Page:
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 COLONEL CHARLES F. ARNOLD JR.
Pushing through barriers

Posted 1/16/2013   Updated 1/16/2013 Email story   Print story

    


Commentary by Col. Charles Arnold
21st Mission Support Group commander


1/16/2013 - PETERSON AIR FORCE BASE, Colo. -- Last week I received one of the more rewarding emails of my career. The current commandant of the Community College of the Air Force contacted me to let me know that this spring the CCAF would award an associate's degree in emergency management to Staff Sgt. Jason Ellis, a retired explosive ordnance disposal technician who was wounded in action. This will mark the first time CCAF has awarded a degree to a member who completed their academic requirements while in a retired status.

So why did the email from the CCAF bring me so much joy? To explain I'll need to go back to early 2009 when I was the deputy division chief of the Air Force Learning Division on the Air Staff. In that job I had the opportunity to work with several of our wounded warriors, including Tech. Sgt. Matt Slaydon and his incredibly supportive wife, Annette. Despite massive injuries that included the loss of his left arm, loss of his left eye, and a substantial loss of vision in his right eye, Matt remained focused on his future.

Specifically, he relayed that he wanted to pursue a doctorate in psychology and counsel wounded warriors. Unfortunately, Matt was being medically retired on Aug. 28, 2009, and as a retiree would not be eligible to complete his CCAF degree, which he saw as the first step in his goal towards pursuing an advanced degree so he could assist fellow wounded warriors. My immediate reaction was that it shouldn't take much to fix this loophole in the CCAF program -- who wouldn't agree that we owed it to our wounded warriors to allow them to pursue a CCAF degree even in retired status? Clearly changing existing policy would be easy...right? Boy was I wrong.

I started by contacting the CCAF staff, who explained to me that this was not an issue of policy, but rather a legal issue. Current law did not allow the CCAF to award degrees to retirees, including our wounded warriors. The CCAF staff explained to me that the change I was pursuing would require new legislation. They explained that we were looking at a multi-year process that in all likelihood would not be successful. I made more calls, huddled with my staff, spoke to the folks in the Secretary of the Air Force Legislative Liaison office, and in almost every case I was told that I was fighting an uphill battle.

Around this same time, I was hired to be the executive officer to the Air Force's Director of Manpower, Personnel, and Services, Lt. Gen. Dick Newton. I knew that Newton was committed to the care of our wounded warriors, so I used my new position to enlist his support. I now had the firepower I needed to tackle this issue. I worked with the CCAF staff, AF/A1X and SAF/LL to start the lengthy process that I hoped would end with our retired wounded warriors having the option of earning CCAF degrees. I will not bore you with the details, and I'd like to claim that I bird-dogged this project from start to finish, but that isn't the case at all. Over the next year I again changed jobs and I lost visibility on the project. To be completely honest, until I received the heart-warming email from the CCAF commandant last week, I hadn't thought about this initiative in more than 18 months. So the credit for this change goes to the great folks at the CCAF and on the Air Staff who continued to work this issue for more than three years. What I can take credit for is pushing the issue and getting the ball rolling when everyone told me it was a waste of my time and effort.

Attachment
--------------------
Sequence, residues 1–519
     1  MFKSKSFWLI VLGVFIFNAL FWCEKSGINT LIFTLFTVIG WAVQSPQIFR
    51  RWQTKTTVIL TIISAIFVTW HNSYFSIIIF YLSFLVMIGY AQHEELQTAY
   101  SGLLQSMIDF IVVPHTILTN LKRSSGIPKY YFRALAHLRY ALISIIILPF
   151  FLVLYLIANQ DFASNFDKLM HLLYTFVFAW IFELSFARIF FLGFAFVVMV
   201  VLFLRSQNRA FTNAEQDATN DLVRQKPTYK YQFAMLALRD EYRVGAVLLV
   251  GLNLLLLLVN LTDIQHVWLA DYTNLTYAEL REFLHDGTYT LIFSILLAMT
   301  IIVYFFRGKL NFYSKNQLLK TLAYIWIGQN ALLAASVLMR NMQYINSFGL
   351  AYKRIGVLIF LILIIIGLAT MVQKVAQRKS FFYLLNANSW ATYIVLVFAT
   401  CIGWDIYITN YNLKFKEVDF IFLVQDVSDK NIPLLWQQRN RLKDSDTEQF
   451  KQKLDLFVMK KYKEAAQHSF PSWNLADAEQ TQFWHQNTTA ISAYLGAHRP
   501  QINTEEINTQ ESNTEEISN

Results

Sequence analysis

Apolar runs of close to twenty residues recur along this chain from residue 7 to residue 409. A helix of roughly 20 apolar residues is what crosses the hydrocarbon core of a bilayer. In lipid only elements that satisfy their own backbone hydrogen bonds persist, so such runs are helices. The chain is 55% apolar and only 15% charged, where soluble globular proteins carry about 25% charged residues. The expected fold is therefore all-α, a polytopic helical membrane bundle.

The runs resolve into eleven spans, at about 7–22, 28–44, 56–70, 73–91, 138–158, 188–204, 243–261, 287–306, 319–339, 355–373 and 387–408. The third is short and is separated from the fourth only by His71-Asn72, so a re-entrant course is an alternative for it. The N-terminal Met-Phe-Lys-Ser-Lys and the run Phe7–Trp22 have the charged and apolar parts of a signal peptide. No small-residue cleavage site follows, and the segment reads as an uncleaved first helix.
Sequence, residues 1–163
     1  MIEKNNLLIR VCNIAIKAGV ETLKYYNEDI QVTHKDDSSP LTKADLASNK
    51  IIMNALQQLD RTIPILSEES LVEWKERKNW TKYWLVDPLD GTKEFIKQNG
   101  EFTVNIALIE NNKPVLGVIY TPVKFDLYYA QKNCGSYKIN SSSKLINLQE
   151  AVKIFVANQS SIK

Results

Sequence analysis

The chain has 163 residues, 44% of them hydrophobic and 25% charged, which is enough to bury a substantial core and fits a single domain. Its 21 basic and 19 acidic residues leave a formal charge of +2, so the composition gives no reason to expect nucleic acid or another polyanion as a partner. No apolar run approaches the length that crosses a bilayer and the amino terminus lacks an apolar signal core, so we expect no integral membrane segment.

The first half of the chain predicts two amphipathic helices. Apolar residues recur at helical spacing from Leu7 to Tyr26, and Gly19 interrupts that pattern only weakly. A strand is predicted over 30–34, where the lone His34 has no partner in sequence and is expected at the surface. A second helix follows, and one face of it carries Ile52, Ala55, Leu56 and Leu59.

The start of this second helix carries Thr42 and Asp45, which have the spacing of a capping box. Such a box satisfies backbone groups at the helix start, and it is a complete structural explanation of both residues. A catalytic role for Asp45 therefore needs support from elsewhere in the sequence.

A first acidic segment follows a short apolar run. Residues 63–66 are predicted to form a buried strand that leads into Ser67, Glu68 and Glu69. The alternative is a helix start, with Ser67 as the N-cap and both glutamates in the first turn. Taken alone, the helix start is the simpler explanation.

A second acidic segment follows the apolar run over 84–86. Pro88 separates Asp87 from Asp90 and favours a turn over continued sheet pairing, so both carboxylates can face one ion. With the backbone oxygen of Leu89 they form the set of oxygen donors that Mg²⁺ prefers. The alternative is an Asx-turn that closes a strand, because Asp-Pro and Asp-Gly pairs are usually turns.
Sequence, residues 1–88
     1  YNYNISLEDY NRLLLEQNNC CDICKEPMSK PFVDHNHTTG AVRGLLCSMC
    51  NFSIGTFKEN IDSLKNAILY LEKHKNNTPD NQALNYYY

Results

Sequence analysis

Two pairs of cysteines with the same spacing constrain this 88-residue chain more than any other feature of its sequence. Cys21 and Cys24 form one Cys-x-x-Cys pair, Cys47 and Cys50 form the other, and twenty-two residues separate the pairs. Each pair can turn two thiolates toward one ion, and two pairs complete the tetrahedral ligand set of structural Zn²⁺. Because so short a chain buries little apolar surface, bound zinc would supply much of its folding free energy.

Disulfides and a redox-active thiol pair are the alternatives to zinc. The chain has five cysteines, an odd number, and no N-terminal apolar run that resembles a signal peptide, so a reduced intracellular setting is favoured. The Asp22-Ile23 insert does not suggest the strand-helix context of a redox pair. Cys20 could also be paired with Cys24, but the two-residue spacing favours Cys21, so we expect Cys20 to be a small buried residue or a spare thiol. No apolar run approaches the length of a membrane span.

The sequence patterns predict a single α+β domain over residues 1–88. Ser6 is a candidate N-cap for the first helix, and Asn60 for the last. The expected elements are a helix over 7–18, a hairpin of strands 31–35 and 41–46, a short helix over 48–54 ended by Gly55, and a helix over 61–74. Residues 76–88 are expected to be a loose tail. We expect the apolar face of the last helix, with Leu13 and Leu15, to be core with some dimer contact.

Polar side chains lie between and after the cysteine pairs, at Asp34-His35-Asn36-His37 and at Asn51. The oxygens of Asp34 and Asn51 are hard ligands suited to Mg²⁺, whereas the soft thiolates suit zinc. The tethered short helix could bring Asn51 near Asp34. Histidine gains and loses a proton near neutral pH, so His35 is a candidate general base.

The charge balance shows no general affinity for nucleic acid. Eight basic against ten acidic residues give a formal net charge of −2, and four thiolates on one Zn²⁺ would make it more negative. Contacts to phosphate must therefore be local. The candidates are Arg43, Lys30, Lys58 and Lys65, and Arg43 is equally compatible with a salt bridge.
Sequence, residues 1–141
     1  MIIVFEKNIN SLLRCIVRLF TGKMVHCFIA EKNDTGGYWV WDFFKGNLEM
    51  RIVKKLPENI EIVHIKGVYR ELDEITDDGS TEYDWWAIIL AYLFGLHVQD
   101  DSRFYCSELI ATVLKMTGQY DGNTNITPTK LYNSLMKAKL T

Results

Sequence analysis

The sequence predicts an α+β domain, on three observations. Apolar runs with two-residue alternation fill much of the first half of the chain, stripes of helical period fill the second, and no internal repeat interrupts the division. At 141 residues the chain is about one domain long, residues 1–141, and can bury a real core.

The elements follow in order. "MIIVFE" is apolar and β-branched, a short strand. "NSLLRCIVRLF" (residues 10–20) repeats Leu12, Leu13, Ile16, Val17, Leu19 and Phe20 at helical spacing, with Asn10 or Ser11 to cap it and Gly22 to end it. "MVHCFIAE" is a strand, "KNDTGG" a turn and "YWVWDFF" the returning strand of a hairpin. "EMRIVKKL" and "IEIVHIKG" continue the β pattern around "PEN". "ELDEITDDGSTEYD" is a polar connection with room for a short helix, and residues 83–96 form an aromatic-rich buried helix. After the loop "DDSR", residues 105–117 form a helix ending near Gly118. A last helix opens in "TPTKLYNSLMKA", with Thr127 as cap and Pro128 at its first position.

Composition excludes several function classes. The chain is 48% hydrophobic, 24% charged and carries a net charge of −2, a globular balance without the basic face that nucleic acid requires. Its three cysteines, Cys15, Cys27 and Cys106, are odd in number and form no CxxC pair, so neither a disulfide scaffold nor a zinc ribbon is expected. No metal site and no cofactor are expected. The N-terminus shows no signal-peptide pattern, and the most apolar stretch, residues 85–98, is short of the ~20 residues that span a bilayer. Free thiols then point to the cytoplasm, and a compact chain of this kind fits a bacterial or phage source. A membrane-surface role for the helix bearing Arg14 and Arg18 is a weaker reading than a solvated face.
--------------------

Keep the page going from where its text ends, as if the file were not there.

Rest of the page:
So why am I sharing this story with you? It is simple really -- far too often when we have an innovative idea or a way to improve a process, we run into what appears to be insurmountable barriers. Sometimes those barriers take the form of our immediate supervision who state "that isn't how we do it here" or "if it isn't broken, don't fix it." Sometimes barriers to implementing innovative ideas or improving processes take the form of local guidance or poorly written Air Force Instructions that are simply outdated or just plain miss the mark. Even harder to overcome are those cases that require a change in legislation, but as I have highlighted above, if you are committed to doing the right thing, even the law can be changed.

So my challenge to you is don't be afraid to take on challenges when the odds are stacked against you. In the case I covered above, almost everyone agreed that allowing CCAF to award degrees to wounded warriors fell into the "good idea" category, but almost no one initially supported pursuit of the goal based on the work required, the length of time it would take, and the limited likelihood we would be successful. As you are all aware, we are part of an evolving Department of Defense and a changing Air Force, and we can all play a role in positive change. So when you run into barriers, don't be afraid to stand by your convictions. You'll be amazed by what you can accomplish, and our Air Force will be better for your efforts.



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